‘That Hometown Feeling’
Alumni and friends embrace Fayetteville’s native son as Carolina’s new chancellor
It was billed as “An Evening with Holden
Thorp,” but some in attendance compared
it to the excitement of New Year’s Eve —
only more important.
Held at the Cape Fear Regional Theatre
in Fayetteville, hometown of new UNC
Chancellor Holden Thorp ’ 86, the Oct. 6
GAA event drew more than 325 friends of
the Thorp family, many showing up well
before the official 5: 30 p.m. start time.
“These people here tonight really are
our friends,” said Thorp’s mother, Olga
Bernadin “Bo” Thorp ’ 56, who led efforts
to rescue the failing building in 1962 and,
as artistic director, turned it into one of the
most respected theaters in the state. “This
means so much to this community, which is
known for that hometown feeling anyway,
but the Fayetteville area has really embraced
Holden and Patti, and I’m so proud and
happy for them.”
Thorp and his wife, who met as kids at
the theater, stood in a doorway that led to
the hors d’oeuvres room and greeted
everyone who entered, including well-known members of the Carolina family
such as state Sen. Tony Rand ’ 61, U.S. Rep.
Mike McIntyre ’ 78, basketball legends
Rusty Clark ’ 69 and Joe Quigg ’ 57, former
Fayetteville Observer editor Roy Parker ’ 52
and dozens of others who greeted the couple as if they had just gotten married.
A Carolina blue sign — “We are so
proud of our Holden & Patti Welcome
home” — greeted those entering the theater
itself, where a three-piece band played on the
stage while a slideshow of the guest of
honor’s life ran in the background.
The place quickly filled to near capacity
as the couple continued to greet well-wishers standing in line in the lobby. With the
crowd anxiously waiting, the couple came
in from the receiving line to the band playing “At Last” as photos of their wedding
faded in and out on the slideshow screen.
After the song, a member of the band
shouted, “Is this some big-time stuff for a
local boy or what?” The crowd roared its
GAA President Doug Dibbert ’ 70 started
the official proceedings by listing some of
With his appointment, he told the
crowd, “You finally get a chancellor that
eats at the K&W.” And he told the tale of a
recent shopping trip, where he looked at a
Carolina blue sport coat. The sales clerk
shook his head a few times and said, “No,
chancellor.” Thorp finally protested, “But
Dean Smith wears one.” The clerk said simply, “Mr. Chancellor, you’re not Dean
DAN SEARS ’ 74
Thorp got serious when talking about his
recent travels across the state, including visits
to high schools where students expressed
their love for and commitment to Carolina.
He noted that 18 of the top 25 students at
Asheville High School enrolled at UNC
Fayetteville Mayor Anthony G. Chavonne ’ 77 presents the key this school year.
to the city to Chancellor Holden Thorp ’ 86, prompting the first He said he wants to make sure, in this
of four standing ovations during the evening.
highly competitive market, that the best
N.C. high school students continue to come
to UNC, adding that he wants to put a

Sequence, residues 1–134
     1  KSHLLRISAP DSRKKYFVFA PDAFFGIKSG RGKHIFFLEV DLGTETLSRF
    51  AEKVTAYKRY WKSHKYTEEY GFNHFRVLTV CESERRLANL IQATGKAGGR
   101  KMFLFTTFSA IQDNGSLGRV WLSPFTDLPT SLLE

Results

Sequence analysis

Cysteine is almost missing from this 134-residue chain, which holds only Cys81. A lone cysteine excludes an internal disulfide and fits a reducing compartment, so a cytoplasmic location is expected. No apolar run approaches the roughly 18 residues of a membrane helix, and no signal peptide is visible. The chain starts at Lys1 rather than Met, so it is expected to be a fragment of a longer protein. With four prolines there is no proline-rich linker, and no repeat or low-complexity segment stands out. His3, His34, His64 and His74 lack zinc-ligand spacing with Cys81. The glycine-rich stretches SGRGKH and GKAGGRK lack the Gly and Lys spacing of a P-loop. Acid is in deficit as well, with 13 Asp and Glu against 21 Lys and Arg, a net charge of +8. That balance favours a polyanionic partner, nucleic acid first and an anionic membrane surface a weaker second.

higher priority on merit scholarships. Thorp
said he also wants to “dangle attractive
packages in front of our faculty” to keep
them in place. In his recent stint as dean of
the College of Arts and Sciences, he said, he
had reduced the number of faculty leaving
from 30 one year to just seven the next.
Thorp told the hometown crowd that
he is committed to helping the region, the
state and the local communities, saying the
University should help with issues such as
empty storefronts downtown, youth violence
and campus security. Plus, he said he wants
the University to involve and work with
nervous neighbors who worry about UNC’s
After a loud standing ovation at the end
of his remarks, Thorp went over to the keyboard and led the singing of Hark the Sound.
He closed out the evening by switching
over to the bass guitar and playing a couple
of songs with the band.
As he and his wife packed up in the
parking lot afterward, Thorp suddenly
stopped and said, “You know, that was as fine
an alumni event as I’ve ever been to.” ■
— Clifton Barnes ’ 82
the well-known people from Fayetteville
who came before Thorp, including Frank
Porter Graham (class of 1909), who served
as president of the University from 1930 to
1949, becoming the first president of the
Consolidated University system. (At the
end of the list, several people yelled out,
“And where is Doug Dibbert from?” Yes,
he’s from Fayetteville, too.)
Fayetteville Mayor Anthony G.
Chavonne ’ 77 presented Thorp with the
key to the city, and the audience responded
with the first of four standing ovations during the program.
In introducing Thorp, Rand said that
“this is a special and unique opportunity
tonight as we honor ourselves by honoring
our native son.” He paid tribute to Thorp’s
mother and late father, Herbert Holden
Thorp ’ 54, who was a law partner with
Rand. He said that Thorp has great intellect
but that there is much more to him, including a caring nature and compassion. “As he
becomes the 10th chancellor, Holden is
truly a man for his time,” Rand said.
When Thorp came to the podium, he
said he was extremely honored by the
turnout and was touched by what he jokingly said were uncharacteristically serious
comments from Rand. Then he worked in
a little humor to show that he wasn’t taking
himself too seriously.
ONLINE: To see photos and a video from
this event, visit alumni.unc.edu/ThorpFayetteville.